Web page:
My High School English teacher often said of commas, “When in doubt, leave it out.” She didn’t realize she was also affirming a great hermeneutical principle to apply to Biblical authority. When members of the remnant tried to prove their priesthood, “These searched for their entries in the genealogical records, but they could not be found.” It’s not that they were specifically forbidden by name that they could not serve; but there was no mention of their names showing they could. “So they were disqualified from the priesthood.” They were not allowed to serve despite their sincere desire to, because there was no record proving they could serve with God’s approval. “The governor ordered them not to eat the most holy things until there was a priest who could consult the Urim and Thummin” (Nehemiah 7:63-65). The Urim and Thummin was used to determine God’s will; which for us is found in the Scriptures. If one day they discover they had been mistaken, they would change their mind and practice. Until then, their attitude was not, “It is easier to get forgiveness than permission.” Their attitude was, “When in doubt, leave it out.”
My friend, an ex-Satanist to whom I had taught Jesus, returned to his former master and threatened to cut off my head. For some of God’s servants, such threats are carried out. For Nehemiah, such terrorization comes through a death threat delivered by a “friend.”
This threat comes under the veil of holiness and pomposity from the lips of God’s supposed friend. Surely God would intervene to save a servant like Nehemiah, hiding in God’s Holy Place! Sanballet and his ilk hire Shemaiah, son of Delaiah. Sadly this holy man, probably a priest and prophet, chooses the wages of the unholy (Nehemiah 6.10, 12-13; 10.8; 1 Chron.24.18). There will be another man bribed to lead one of God’s servants to his death.
For some reason, Shemaiah is restricted to his house (6.10). Yet in his scheme he is willing to risk leaving if he can persuade Nehemiah to flee to the temple for sanctuary. There is a hint of self-sacrifice and concern on his part; but it is betrayal. He says: “Let us meet at the house of God inside the temple. Let us shut the temple doors because they are coming to kill you. They are coming to kill you tonight!” (6.10).
Nehemiah hasn’t a death-wish; and yet he claims, “Should a man like me run away?” His point might not be only who he is, but who he isn’t: “How can I enter the temple and live?” (6.11). Although a governor; Nehemiah is not a priest. Some who are fearful and proud, might think, “My life is worth more than ceremonial law!” Or, “I’m too important to God!” Nehemiah doesn’t go there; nor does he tempt God. Nehemiah treats God as holy, accepting He would slay him for profaning His temple. Maybe the enemies hope at least the priests would too. Death is not the worse result: “He was hired, so that I would be intimidated, do as he suggested, sin, and get a bad reputation, in order that they could discredit me” (6.13). Sin is the worst. Added to that, a leader’s reputation is one of his most powerful motivational tools. If Nehemiah is disgraced, the wall will not be completed. Leaders beware of getting your reputation besmirched. Leaders beware thinking you are so important, the rules don’t apply to you; even God’s rules.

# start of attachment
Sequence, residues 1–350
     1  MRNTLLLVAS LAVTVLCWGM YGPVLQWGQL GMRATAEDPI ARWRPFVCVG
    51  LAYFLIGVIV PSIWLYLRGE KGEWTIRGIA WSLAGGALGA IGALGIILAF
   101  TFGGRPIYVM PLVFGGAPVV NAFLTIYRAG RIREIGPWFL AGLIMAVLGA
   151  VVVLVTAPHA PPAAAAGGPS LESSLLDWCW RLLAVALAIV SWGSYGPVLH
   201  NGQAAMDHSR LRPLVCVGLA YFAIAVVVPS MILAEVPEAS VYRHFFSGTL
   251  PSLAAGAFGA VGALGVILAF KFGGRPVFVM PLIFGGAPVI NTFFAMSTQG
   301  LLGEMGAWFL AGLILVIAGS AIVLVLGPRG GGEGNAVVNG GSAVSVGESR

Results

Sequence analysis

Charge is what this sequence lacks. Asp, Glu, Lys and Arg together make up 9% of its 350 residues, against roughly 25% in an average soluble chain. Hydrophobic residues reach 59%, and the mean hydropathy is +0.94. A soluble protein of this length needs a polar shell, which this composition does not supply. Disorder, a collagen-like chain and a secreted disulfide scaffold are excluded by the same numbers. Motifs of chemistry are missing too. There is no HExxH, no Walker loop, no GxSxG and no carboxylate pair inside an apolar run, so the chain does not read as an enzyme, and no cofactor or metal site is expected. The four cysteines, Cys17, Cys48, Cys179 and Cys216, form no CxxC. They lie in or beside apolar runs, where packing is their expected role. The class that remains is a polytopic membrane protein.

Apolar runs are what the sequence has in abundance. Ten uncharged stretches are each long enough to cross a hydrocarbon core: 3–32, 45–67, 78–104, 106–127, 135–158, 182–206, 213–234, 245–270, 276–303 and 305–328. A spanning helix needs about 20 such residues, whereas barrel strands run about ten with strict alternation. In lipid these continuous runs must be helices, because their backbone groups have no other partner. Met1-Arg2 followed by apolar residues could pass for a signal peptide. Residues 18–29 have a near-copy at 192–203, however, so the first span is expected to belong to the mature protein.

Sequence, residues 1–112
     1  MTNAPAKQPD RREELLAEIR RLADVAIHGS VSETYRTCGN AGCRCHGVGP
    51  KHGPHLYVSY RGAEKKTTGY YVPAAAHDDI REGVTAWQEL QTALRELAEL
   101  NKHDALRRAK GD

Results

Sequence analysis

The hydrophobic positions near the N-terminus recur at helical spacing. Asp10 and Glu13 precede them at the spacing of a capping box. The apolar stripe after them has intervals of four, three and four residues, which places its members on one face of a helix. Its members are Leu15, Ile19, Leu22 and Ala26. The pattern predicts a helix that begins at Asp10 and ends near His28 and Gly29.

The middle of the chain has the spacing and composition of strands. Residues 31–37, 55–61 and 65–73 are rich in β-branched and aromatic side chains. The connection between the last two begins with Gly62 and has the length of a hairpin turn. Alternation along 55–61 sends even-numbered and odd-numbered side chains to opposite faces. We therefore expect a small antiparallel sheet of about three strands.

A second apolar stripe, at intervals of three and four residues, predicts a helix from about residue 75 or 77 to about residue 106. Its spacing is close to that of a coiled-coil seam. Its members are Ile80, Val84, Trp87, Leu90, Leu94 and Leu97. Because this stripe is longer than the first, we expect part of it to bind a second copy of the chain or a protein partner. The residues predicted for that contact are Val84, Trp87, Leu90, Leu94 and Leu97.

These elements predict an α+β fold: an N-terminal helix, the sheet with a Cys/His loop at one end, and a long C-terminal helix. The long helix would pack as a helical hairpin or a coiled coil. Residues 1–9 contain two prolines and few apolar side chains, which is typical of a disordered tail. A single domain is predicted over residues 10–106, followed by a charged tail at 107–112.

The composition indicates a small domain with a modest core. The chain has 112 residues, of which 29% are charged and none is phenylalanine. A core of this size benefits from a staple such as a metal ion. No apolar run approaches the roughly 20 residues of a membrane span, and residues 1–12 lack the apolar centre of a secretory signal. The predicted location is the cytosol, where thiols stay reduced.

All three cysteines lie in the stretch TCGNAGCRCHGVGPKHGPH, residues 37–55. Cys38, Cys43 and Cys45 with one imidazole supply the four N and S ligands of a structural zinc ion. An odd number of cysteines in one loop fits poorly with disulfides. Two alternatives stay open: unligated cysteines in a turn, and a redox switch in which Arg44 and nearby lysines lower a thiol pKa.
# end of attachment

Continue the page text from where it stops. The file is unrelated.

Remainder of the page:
Nehemiah prays, “My God, remember Tobiah and Sanballat for what they have done, and also Noadiah the prophetess and the others prophets who wanted to intimate me” (6.14). This prayer saddens me. Nehemiah’s enemies are God’s enemies; and his enemies are God’s “prophets.” Titles don’t make people right or righteous. Enemies can come from those who should be friends.
My friend never followed through with his threat. He did continue to harass and intimidate, in ways I shall leave to your imagination. Our enemies today can be God’s friends from yesterday.
Prayer Challenge: The “church” has friends and leaders who turn; pray not to be one.
Great leaders attract great enemies and are attacked by great means. One of America’s great leaders was Martin Luther King, leading a great cause to break down the walls of inequality among the races. Studying history we learn he attracted great enemies such as J. Edgar Hoover, who stooped to blackmail to discredit and stop him. That was not the first time a great leader is attacked by blackmail.
Nehemiah’s hope of finishing the wall is almost complete: “No gap was left in it – though at that time I had not installed the doors in the gates” (Nehemiah 6.1). Punning that statement, the enemy sees the door of their opportunity still open; but rapidly closing.
Still at it, Sanballat and Geshem send Nehemiah a message: “Come, let’s meet together in the villages of the Ono Valley” (6.2). Is this feigned friendship? Unfortunately pretend friends are too common; maybe we are personally guilty. Posturing is done until they get what they want. Nehemiah knows what they want, “they are planning to harm” him (6.2). So…oh no, it’s plain, they plan to cause pain to Nehemiah in the plain of Ono! Some will say that is feigned humor. Risking sounding judgmental, not everyone is what they appear to be. This proposed trap is located 25-30 miles geographically north of Jerusalem. Such a delay would cost Nehemiah several days even if on the up and up. The true intentions of others can be revealed by how easy or difficult they accommodate us. Do they go the extra mile or require only us to do so? Rephrasing Shakespeare, prudence is the better part of valor. Courage and wisdom to stay the course is needed.